Across these three zones, the data suggest that opening canopy gaps can increase total snow storage on the landscape. However, to gain a duration effect, forest management should be paired with other established restoration strategies to hold water on the landscape longer. These restoration strategies could include floodplain reconnection, wet meadow restoration, and reversal of stream incision. But we also wondered whether we could acheive increased snowpack duration effects by placing forest thinning treatments on shady, north-facing slopes.

Taking the Study to Cle Elum Ridge

To drill into this question, we took the study to Cle Elum Ridge, part of TNC’s 48,000-acre forest protection project at the headwaters of the Yakima Basin in the Central Cascades. Using the same experimental design described earlier, we compared forest-snow interactions between north and south-facing slopes. On the north side of the ridge, snowpack measured 2.9x deeper in gaps compared to forested plots, and lasted 12-30 days longer in the gap. In contrast, snowpack on the south side gaps measured 1.5x deeper than forested plots, but only lasted 2 days longer. Our data shows that on opposites sides of the ridge, lies the potential for water storage.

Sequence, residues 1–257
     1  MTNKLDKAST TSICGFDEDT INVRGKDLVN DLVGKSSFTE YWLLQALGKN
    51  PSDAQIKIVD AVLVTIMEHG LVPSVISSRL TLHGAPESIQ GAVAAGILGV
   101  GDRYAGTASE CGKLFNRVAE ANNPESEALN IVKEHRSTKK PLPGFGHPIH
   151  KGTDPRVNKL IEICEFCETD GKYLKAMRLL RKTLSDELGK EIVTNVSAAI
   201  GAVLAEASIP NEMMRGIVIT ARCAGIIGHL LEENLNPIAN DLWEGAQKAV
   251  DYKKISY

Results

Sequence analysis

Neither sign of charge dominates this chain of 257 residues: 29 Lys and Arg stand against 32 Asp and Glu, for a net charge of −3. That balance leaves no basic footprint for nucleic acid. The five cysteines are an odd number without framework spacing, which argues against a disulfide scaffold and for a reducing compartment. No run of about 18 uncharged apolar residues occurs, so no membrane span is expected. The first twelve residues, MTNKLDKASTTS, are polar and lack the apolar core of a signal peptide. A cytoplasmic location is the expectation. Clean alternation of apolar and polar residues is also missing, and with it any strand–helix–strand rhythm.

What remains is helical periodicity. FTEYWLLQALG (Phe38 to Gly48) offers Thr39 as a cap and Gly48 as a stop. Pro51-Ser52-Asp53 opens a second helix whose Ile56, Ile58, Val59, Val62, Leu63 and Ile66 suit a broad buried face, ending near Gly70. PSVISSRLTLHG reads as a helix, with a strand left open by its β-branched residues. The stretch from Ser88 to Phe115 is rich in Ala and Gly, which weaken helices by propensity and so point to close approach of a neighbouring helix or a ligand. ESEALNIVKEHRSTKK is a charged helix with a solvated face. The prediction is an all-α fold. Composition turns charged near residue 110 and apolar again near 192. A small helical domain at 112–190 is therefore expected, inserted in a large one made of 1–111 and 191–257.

While twelve more days of cold water may not sound like much, nature works at multiple scales. The difference of a few days to weeks of cold spring meltwater is critical for out-migrating salmonids. In the Yakima Basin, juvenile Chinook leaving the upper watersheds past May simply don’t make it through the lower river anymore. Over 95% of them die due to high temperatures, slow water movement, and predation.

Scaling Up: Site Specific to Landscape Scale Investigations

As we developed our snowpack study, the Tapash Forest Collaborative’s leadership team, who seeks to improve ecosystem health and natural functions of the landscape across ownership in central Washington, helped us narrow the objectives. They wanted to know how different levels of forest thinning affect snowpack storage and duration, and whether our research team could quantify the amount of snowpack storage gained through specific thinning treatments.


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